Your Questions About Paper Trading Free

Lisa asks…

Are you a slave of the Federal Reserve?

If you and I were alone on an island, and established an “economic system” under which you would do all the work to keep both of us alive, and I would “pay” you for your services by giving you paper IOUs (aka “fiat money”) — and if you don’t like the idea, I kindly point out that I have the only gun on the island — there would be no doubt that you were totally enslaved. Let’s call me, the one doing the enslaving, “the federal reserve” and call my gun “the government.” Now you understand the role of the Federal Reserve in our society.

There are two kinds of money:
1. Commodity money, such as gold and other precious metals, which can be produced by ANYONE, and
2. Fiat money, which can only be (legally) produced by governments and/or licensed central banks.

The fact that ANYONE can mine gold or produce any other commodity used as money is vitally important, from the standpoint of individual freedom. If YOU can mine some gold, and smelt it into coins, your coins will have the same value as anyone’s. Gold is the money of free men, who trade value-for-value as equals.

Fiat money, on the other hand, comes from a central banker (The Federal Reserve) or a politician (who calls himself “the government”) printing up his own entitlement to YOUR wealth. Instead of engaging in the difficult, dangerous and uncertain project of finding gold, the bankers and politicians run their fiat “money” off a printing press, risk-free and effort-free. Under our present fascist system, banks print up their banknotes, which they lend to the government (in return for government bonds), and the government spends the money into the economy — essentially confiscating valuable goods and services and forcing their victims to accept worthless paper in return.

No one but government and their favored bankers can produce fiat money — because no one but government can force people to act against their own interests and expect to get away with it. No one but government can claim that their paper buttwipe is “money” and force you to take it for your valuable goods and services. No one but government can make you their slave, and enforce their claims on your life, your liberty and your property.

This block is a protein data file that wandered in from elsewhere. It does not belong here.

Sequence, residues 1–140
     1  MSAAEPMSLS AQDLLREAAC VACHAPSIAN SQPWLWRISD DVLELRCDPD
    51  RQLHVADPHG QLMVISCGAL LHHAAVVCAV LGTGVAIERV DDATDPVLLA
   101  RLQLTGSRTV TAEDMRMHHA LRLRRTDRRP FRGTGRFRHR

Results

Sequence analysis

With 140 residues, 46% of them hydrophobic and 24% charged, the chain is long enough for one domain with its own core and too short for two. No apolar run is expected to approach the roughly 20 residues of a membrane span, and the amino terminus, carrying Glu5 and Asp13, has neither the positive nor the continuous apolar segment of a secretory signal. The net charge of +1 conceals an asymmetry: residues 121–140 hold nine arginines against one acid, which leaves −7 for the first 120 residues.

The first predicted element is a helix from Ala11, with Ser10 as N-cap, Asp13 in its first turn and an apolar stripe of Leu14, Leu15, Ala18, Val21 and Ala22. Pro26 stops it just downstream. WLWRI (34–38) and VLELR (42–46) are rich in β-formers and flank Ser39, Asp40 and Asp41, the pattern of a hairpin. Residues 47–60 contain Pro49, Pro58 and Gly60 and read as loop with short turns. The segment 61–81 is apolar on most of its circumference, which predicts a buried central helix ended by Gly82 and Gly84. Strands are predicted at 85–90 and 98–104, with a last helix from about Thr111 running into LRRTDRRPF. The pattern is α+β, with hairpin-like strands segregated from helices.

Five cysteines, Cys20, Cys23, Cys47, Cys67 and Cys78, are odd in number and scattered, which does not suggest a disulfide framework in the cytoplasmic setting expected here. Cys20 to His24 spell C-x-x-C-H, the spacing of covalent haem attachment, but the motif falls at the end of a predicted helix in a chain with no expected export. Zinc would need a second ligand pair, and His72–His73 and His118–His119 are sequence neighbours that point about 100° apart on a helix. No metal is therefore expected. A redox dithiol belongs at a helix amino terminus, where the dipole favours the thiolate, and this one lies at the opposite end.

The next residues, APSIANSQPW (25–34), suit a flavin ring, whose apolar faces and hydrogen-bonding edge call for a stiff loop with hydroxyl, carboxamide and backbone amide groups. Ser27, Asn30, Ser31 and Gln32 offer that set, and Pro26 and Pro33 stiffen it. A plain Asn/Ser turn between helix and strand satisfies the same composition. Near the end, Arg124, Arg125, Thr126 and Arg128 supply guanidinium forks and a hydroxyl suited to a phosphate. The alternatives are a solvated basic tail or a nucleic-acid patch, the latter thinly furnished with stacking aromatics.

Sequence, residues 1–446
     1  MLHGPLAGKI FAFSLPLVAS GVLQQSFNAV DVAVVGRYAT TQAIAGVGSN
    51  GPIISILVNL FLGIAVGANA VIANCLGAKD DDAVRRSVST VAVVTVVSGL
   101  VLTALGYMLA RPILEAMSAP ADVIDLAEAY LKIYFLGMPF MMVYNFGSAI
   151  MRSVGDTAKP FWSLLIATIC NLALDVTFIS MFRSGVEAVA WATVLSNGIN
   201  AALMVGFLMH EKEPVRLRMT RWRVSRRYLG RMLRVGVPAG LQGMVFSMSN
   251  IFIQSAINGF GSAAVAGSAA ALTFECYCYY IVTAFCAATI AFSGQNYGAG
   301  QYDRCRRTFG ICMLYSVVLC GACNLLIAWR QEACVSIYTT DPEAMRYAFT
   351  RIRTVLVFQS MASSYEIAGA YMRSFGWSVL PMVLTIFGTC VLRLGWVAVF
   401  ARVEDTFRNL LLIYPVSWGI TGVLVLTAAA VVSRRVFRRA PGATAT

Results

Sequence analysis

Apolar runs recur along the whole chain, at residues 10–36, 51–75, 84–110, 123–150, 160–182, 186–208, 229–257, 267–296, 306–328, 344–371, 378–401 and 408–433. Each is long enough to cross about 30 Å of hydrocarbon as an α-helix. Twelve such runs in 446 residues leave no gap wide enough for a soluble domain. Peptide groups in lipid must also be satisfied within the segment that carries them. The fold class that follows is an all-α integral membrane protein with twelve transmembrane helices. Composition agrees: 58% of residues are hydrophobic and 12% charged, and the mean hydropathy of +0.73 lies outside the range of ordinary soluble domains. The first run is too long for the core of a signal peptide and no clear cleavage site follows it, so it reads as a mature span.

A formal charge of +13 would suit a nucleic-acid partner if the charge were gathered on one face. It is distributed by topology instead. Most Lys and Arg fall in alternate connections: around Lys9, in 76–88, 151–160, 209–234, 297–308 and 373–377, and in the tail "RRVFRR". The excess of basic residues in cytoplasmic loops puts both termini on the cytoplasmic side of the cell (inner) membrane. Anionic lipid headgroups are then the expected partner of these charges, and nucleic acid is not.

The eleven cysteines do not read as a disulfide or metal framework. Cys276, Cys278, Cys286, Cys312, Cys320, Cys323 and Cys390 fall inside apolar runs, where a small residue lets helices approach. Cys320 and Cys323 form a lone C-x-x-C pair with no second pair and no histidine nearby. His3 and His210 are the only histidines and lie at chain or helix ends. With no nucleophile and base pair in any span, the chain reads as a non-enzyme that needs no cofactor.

As gold is the money of free men, fiat paper is the money of slaves. And the issuer of the fiat paper is the slave-master.

Additional details: A quote from Sir John Stamp (former governor of the Bank of England):
“The modern banking system manufactures money out of nothing. The process is perhaps the most astonishing piece of slight of hand ever invented. Banking was conceived in iniquity, and born in sin. Bankers own the earth. Take it away from them, but leave them the power to create money, and with the flick of a pen, they will create enough money to buy it back again. Take this great power away from them, and all great fortunes like mine will disappear. And, they ought to disappear, for then this would be a better and happier world to live in. But if you want to continue to be the slaves of the bankers, and pay the cost of your own slavery, then let bankers continue to create money, and control credit.”

Additional details: Ron Paul is the only Presidential candidate who “gets” this.

John answers:

The answer is yes. Here are some excellent links describing how the Federal Reserve and other central banks work:

http://www.youtube.com/watch?v=KUynTd_nEvE&feature=player_embedded

http://www.youtube.com/watch?v=ZPWH5TlbloU

Mark asks…

Homework Help!!! Read Details!!?

ok well im 13 and im in world history. we have to write a paper on globalization. for my paper i need real world examples of the following:

1. supply chaining
2. offshoring
3. outsourcing
4. free trade

i tried using the internet, but that doesnt explain to me in a way i understand.
PLEASE help me or im gonna fail!! 🙁 if u can give me any real world examples of those terms i will love you ffffoooorrrrreeeevvvvveeeeerrrrrr!!!!!! thanx!!!

John answers:

First off, you can probably get more detailed answers from wikipedia.org anyway, as far as i can explain

1) supply chaining, means the management of a product’s logistic. It could be distribution network (eg. Where should dell manufacture their computers? What areas should a regional dell factory be serving? And how should dell transport the products to customers, by air? By land? By sea?) there can be other areas, distribution network is just one of them.